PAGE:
Greenberg’s performances also delve deeply into what it means to endure and persevere through the psychological and physical suffering of black people throughout history. Both Chandelier and Haemotherapy (I) are reminiscent of the black performance artist Sherman Fleming (aka RodForce), with whom Greenberg must be familiar. For instance, in Pretending to Be Rock (1993), Fleming, whose work also examines bodily gestures in long durational performance, is semi-nude and on all fours while burning candles drip wax on his back. A female performer is suspended above him while a deluge of water falls against her body. The performance lasts two hours and both performers struggle through physical exhaustion. By the end, Fleming’s back is covered in mounds of hot wax.
While Fleming’s piece more pointedly draws on the physical and psychological trauma inflicted on black bodies, past and present, Greenberg’s work is more sanguine, both metaphorically and quite literally, in the case of Haemotherapy (I), with its emphasis on blood and subtle movements. Greenberg’s work indelibly refers back to black trauma, of course, with both black figures covered in white—an on-the-nose reference to whitewashing. But while Fleming’s body is positioned in a submissive stance on all fours, Greenberg’s posture, albeit occasionally faltering, is nonetheless erect and resolute. Sheer black durability and perseverance, if not opulence, become the central tenets of Haemotherapy (I). Despite continued oppression, we revere the black figure for his physicality, strength, and grace.
The artist is quick to dismiss the durational aspect of his work as its main focus: “What I do is not just defined by the amount of time, but by the amount of presence and energy I am able to provide,” Greenberg told me at his studio in New York City. He links this to his lack of formal training: “Performance happened because I didn’t have anything else to work with,” he recalls. “I never had any kind of space or the resources where I can actually manipulate real material. All I have is my body.”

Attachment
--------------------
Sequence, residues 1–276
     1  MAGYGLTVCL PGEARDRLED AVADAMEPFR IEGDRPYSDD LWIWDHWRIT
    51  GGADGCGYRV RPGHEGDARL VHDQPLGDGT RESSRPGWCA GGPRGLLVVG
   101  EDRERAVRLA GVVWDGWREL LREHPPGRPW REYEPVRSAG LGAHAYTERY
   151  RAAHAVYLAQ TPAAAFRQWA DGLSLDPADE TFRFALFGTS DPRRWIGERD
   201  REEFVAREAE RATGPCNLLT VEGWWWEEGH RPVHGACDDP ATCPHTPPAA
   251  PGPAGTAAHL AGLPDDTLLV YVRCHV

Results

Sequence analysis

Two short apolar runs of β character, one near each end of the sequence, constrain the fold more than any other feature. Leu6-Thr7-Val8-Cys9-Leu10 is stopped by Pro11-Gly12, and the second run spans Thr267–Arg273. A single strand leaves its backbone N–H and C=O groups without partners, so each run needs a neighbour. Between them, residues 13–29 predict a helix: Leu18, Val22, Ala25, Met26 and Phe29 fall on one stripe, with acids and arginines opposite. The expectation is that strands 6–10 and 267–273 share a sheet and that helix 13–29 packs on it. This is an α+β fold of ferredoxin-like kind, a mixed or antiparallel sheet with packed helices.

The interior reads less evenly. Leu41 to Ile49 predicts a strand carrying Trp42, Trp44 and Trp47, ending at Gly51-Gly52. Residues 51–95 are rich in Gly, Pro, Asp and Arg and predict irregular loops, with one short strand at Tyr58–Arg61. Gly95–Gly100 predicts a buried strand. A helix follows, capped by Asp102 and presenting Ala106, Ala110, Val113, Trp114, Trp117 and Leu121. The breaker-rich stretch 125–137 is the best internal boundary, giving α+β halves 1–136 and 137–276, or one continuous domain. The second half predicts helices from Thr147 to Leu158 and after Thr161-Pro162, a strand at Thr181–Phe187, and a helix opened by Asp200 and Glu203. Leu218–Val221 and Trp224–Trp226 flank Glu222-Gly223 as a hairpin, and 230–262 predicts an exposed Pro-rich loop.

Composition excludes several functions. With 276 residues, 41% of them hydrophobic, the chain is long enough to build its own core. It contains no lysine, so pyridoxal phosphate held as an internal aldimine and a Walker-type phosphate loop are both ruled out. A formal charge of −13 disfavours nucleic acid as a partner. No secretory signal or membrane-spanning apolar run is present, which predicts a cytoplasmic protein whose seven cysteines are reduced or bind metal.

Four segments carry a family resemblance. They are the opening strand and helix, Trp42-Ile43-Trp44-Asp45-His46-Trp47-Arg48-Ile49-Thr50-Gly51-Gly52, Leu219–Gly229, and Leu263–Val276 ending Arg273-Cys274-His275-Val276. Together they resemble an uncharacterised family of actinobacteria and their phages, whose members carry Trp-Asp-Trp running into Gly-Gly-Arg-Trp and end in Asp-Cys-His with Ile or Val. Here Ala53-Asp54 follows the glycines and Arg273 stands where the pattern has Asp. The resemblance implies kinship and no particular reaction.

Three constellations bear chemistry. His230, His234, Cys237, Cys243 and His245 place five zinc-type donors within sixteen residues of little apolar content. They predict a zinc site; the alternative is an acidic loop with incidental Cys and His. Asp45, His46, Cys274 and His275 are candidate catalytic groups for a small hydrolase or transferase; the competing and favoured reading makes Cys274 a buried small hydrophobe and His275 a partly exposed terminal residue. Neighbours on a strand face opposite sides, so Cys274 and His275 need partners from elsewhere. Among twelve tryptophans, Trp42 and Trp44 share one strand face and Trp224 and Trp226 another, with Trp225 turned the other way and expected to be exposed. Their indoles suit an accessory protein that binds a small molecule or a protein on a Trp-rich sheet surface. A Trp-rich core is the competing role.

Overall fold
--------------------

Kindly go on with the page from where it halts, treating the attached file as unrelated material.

Greenberg’s practice has evolved into an ongoing research project around theories of movement and dance that draw on his disparate influences and travels through Haiti, China, and parts of Europe. His style of performance carries ripples of Senga Nengudi, shades of ballet, and influences spanning ’70s black performance art and Haitian sacred dancing. And while Greenberg’s work can feel gimmicky, at times, resembling the “living statue” performances prevalent around Times Square, I imagine he may also cherish these associations, which help democratize the work.
In Haemotherapy (I) we become witness to “the emancipatory potential of sheer corporeality,” to borrow a phrase Nancy Spector once used to describe Judd Dance Theater. Greenberg’s “sheer corporeality” in his performance does everything to impress, but also provokes us to think about movement as a place or condition that privileges a conscious liberation of the mind from prejudice and discrimination. Greenberg’s performances, and even the minutiae of his gestures, underscore the ongoing ambient threats of racial and sexual oppression. But the artist evokes this while standing tall, peering out to a black and queer futurity.